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N.C. Leafy Greens

Did you know that “leafy greens” most often refers to vegetables in the cabbage family, like broccoli, cabbage, collards, radishes, turnips and even Brussels sprouts? The term also can refer to lettuce and spinach. Leafy greens are chief crops in North Carolina and are available during most of the year, with the exception of January and February, generally. Leafy greens are low in calories and sodium, free of fat and cholesterol, and aid in the prevention of cancer!

N.C. Winter Squash

Did you know there are two main types of squash? “Winter squash” are harvested and eaten when fully mature; “summer squash” are consumed when very young and tender. Common winter squash varieties include acorn, butternut, hubbard and spaghetti. North Carolina farmers produce more than $11 million of this vegetable on 3,000+ acres annually, ensuring that scrumptious N.C. squash is available throughout most of the year!

N.C. Pecans

North Carolina consistently ranks in the top 10 states in production of new and improved pecan varieties. North Carolina produces three to five million pounds of pecans annually. There are approximately 2,000 acres of pecans in North Carolina and most are managed as commercial orchards. The demand for N.C. pecans is increasing as consumers and major shellers realize the quality available from well-managed North Carolina orchards.

N.C. Pumpkins

North Carolina farmers devote nearly 4,000 acres to pumpkin production. Varieties grown in North Carolina include Mammoth Gold, Autumn Gold, Happy Jack, Big Max, Atlantic Giant, Prize Winner and Sugar Pie. A 1,257-pound pumpkin, grown in 2009, holds the state record for the largest pumpkin.

N.C. Farmers Markets

Every summer, more roadside stands and stalls at farmers markets spring up around North Carolina offering fresh, local produce. Did you know that North Carolina has more than 3,700 farmers selling directly to consumers, for a total of more than $29 million? Since 2008, the country has seen a 13 percent increase in farmers markets, with well over 5,000 markets operating today. Whether you’re an Extension agent, grower or a consumer that understands the importance of local agriculture, N.C. MarketReady’s Farmers Markets section has something to offer.

N.C. Strawberries: Ripe for the Picking

Nothing could be finer than to be in North Carolina during strawberry season. Did you know that North Carolina ranks fourth in the nation in strawberry production? Strawberry sales generated more than $20 million in farm receipts in 2008. Read more for information on where to find strawberry operations in your area...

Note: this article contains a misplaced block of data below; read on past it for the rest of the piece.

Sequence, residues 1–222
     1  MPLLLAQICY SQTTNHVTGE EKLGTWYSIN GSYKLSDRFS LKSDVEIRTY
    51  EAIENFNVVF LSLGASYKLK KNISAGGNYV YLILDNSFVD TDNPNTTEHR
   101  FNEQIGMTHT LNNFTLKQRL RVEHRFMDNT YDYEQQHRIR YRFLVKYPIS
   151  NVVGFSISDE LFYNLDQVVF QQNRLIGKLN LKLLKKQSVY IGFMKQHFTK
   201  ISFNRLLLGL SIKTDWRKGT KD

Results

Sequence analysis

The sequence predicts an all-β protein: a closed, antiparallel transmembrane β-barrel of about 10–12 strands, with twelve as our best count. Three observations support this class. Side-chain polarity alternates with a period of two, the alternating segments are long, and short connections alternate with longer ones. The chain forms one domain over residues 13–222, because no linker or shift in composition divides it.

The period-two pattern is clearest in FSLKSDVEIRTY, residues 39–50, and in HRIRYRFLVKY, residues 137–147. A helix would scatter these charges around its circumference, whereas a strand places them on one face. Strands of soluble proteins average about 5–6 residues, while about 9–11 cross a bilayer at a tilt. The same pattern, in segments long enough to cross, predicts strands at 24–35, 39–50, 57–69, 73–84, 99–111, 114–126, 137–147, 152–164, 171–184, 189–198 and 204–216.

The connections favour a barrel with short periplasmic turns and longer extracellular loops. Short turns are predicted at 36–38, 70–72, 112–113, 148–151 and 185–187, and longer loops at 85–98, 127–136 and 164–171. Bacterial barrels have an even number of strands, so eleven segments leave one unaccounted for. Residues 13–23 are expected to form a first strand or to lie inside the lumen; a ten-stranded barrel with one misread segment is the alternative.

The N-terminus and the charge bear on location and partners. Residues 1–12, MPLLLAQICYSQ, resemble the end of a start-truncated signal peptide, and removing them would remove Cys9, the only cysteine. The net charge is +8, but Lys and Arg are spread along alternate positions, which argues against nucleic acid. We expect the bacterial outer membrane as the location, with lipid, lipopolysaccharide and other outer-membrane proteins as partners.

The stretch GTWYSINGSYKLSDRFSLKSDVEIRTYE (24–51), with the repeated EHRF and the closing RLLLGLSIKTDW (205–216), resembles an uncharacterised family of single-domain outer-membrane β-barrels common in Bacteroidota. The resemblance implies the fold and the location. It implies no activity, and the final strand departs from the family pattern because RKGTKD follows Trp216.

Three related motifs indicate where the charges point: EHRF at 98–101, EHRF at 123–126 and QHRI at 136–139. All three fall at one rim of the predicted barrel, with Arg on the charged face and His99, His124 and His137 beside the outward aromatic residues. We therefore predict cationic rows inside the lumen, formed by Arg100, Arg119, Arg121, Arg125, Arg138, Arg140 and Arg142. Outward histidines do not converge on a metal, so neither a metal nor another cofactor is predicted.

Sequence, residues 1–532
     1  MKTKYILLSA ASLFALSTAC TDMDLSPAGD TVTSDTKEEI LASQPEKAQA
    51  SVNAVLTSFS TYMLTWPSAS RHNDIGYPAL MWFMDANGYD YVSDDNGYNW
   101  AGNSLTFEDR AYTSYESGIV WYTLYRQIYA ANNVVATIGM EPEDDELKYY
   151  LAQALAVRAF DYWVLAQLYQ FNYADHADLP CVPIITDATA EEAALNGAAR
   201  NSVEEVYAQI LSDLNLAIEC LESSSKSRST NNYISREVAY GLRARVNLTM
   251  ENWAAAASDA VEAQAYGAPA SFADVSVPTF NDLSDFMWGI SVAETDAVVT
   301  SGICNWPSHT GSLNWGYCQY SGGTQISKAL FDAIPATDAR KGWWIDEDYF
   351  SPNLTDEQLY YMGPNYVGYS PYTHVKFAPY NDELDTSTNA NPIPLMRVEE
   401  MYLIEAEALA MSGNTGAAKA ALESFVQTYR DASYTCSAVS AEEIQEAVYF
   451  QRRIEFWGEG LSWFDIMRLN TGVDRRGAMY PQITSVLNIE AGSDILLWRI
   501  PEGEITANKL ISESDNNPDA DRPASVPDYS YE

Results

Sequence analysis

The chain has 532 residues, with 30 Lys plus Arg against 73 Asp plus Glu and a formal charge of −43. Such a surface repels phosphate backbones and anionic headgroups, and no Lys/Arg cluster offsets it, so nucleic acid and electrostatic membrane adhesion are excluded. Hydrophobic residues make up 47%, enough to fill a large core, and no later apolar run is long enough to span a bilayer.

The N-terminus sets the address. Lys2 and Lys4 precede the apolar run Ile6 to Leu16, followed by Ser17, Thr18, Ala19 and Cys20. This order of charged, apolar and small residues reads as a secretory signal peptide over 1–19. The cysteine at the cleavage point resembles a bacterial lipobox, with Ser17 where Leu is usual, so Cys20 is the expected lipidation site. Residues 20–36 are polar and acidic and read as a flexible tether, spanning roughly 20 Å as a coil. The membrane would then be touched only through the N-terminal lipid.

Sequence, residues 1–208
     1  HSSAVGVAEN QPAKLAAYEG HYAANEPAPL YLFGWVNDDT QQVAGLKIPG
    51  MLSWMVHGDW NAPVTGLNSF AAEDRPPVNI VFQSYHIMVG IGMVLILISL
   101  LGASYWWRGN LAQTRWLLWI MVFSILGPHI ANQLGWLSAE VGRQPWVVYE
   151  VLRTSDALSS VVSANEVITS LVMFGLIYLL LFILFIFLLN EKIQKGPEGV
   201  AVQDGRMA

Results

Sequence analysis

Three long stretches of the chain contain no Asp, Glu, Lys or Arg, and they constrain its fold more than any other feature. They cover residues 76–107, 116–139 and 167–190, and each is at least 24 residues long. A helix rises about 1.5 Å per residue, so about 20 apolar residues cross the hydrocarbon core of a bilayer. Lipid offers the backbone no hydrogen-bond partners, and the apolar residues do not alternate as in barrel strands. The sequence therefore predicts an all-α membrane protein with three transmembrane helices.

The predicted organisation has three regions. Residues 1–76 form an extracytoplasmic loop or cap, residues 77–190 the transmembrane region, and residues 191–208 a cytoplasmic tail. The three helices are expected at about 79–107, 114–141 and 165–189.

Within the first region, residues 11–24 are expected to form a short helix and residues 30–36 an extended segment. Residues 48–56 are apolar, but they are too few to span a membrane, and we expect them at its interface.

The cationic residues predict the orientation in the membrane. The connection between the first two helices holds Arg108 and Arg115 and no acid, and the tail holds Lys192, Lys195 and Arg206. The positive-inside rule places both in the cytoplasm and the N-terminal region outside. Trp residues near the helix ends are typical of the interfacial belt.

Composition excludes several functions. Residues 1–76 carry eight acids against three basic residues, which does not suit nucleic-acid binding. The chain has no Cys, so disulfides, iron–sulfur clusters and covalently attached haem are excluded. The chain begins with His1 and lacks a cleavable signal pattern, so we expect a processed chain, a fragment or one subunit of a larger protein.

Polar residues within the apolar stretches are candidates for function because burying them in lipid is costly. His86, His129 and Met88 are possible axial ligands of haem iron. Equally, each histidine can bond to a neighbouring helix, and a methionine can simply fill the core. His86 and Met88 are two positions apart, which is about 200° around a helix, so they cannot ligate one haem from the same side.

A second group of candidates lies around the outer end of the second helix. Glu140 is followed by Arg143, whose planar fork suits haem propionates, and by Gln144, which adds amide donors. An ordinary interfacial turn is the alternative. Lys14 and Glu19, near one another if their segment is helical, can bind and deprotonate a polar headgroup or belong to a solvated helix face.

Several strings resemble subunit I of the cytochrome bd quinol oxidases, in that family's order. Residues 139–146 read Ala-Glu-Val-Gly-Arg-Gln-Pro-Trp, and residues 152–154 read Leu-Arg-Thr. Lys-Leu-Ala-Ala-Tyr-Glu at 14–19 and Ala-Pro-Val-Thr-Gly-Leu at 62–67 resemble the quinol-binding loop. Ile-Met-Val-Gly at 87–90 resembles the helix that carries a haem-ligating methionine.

N.C. Fresh Produce

North Carolina is among the top 10 states in the country for production of 13 different crops. The state's fertile and diverse terrain, industry-leading resources and a rich tradition of agriculture keep North Carolina at the forefront of the industry. As a result, North Carolina is among the top 10 states in the country for production of sweet potatoes, cucumbers, strawberries, peanuts, blueberries, cabbage, snap beans, tomatoes, apples, bell peppers, squash, watermelons and grapes. N.C. MarketReady provides resources on this site, such as the Growers Information Portals, to help N.C. farmers continue to grow their operations.

N.C. Apples

October is National Apple Month! North Carolina typically ranks seventh in apple production in the United States, with more than 300 commercial apple operations. The four major varieties, which make up the bulk of N.C.'s production, are Red Delicious, Golden Delicious, Rome Beauty and Galas. N.C. apple production areas, centered in the western part of the state, are within 24 freight hours of 65 percent of the U.S. population. More apple health facts, recipes and variety identification charts are available on the North Carolina Department of Agriculture & Consumer Services and U.S. Apple Web sites.

North Carolina Corn

The value of the corn harvest in N.C. in 2006 was $288 million. This includes 700,000 acres harvested for grain and 45,000 acres harvested for silage. Corn production in the state for grain is concentrated in the coastal plain, and the average statewide yield is 132 bushels/acre. Silage is harvested mainly in the western half of the state and is more concentrated around dairy producing areas. The National Corn Growers Association provides additional resources.